File(s) under embargo
Reason: Publisher requirement.
until file(s) become available
‘A lock so tallying in all its parts, that any part of one lock may fit another’: exploring the standardisation and interchangeable manufacturing of New Land Pattern Musket Locks
journal contributionposted on 15.03.2021, 12:08 by David Williams, Philip Abbott, David Harding
A Select Committee Report of 1817 states that the New Land Pattern Musket has ‘a lock so tallying in all its parts, that any part of one lock may fit another’. This is the earliest claim of interchangeability to have been found for Board of Ordnance firearms. It has focussed the authors’ attention on understanding the British efforts in the interchangeable manufacturing of firearms in the early 19th century, and more specifically on the manufacture of the lock of the New Land Pattern Muskets. This has also necessitated and included some work to unravel the story of the development of the New Land Pattern Musket and its variants, and to appreciate the contemporary use of lock jiggers by the East India Company (EIC) and others. Our approach has blended multiple iterations of archival research, object study, analysis of musket lock ‘Types’, and experimental evaluations of interchangeability. The methods used have allowed a comparison with contemporary American achievements at the Springfield and Harpers Ferry National Armories.
This paper reports our results, including those of a close study of 35 New Land Pattern Muskets; the generation of a typology identifying three distinct variants of New Land Pattern Musket locks and a chronology of key aspects of their design, manufacture and supply; a five-lock component exchange experiment with 20 potential interchanges and other supplementary interchange tests; and an experimental evaluation of the use of two surviving EIC lock jiggers (i.e. gauges). These demonstrate that Great Britain had made significant strides in the interchangeable manufacturing of musket locks by 1817, but that these achievements, based upon the use of gauges and other similar tooling, were limited by their use of manual methods, chiefly filing by hand. They also show that Henry Nock, Ezekiel Baker and others contributed to the design of the variants of the musket, the lock and the tooling.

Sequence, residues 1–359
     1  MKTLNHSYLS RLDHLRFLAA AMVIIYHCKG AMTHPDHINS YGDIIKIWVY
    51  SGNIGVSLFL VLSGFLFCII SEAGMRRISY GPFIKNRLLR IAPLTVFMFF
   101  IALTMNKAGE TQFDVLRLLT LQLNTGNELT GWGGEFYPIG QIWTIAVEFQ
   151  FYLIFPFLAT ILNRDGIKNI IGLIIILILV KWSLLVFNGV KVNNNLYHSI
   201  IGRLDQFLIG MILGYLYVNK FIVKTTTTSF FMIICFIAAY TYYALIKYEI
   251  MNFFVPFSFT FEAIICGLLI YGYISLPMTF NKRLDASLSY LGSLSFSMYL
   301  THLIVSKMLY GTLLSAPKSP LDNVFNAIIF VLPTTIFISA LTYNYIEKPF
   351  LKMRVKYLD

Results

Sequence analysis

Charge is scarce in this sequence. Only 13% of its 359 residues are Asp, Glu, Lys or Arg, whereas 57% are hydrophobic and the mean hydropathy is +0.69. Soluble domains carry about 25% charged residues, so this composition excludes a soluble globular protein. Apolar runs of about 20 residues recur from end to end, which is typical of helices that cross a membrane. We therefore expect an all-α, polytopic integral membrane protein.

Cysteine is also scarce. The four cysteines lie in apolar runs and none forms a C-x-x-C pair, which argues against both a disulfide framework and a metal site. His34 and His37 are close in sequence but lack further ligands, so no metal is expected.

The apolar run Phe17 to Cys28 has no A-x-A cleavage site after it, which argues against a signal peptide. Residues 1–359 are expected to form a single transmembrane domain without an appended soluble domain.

The work also indicates that Britain was attempting interchangeable lock manufacturing in more than one geographical location, at the workshops of key suppliers in Birmingham and the Black Country (the metal working district to the West and North West of Birmingham), the London trade and the new Royal Manufactory in Lewisham. This multiple site approach would have been particularly challenging, and it is also important to note that much of this work was carried out in time of war. These British innovations may have influenced others through the transfer of technology by former Ordnance artificers, including at the Imperial Manufactory at Tula in Russia via John Jones, father and son.
The experimental comparison with contemporary American achievements shows that the British were realising levels of interchangeability at least equivalent to those at US National Armories, but that whilst the dimensional control sought in Britain may have been less demanding it was being attempted at many more sites.
Read the paper on the publisher website
- Mechanical, Electrical and Manufacturing Engineering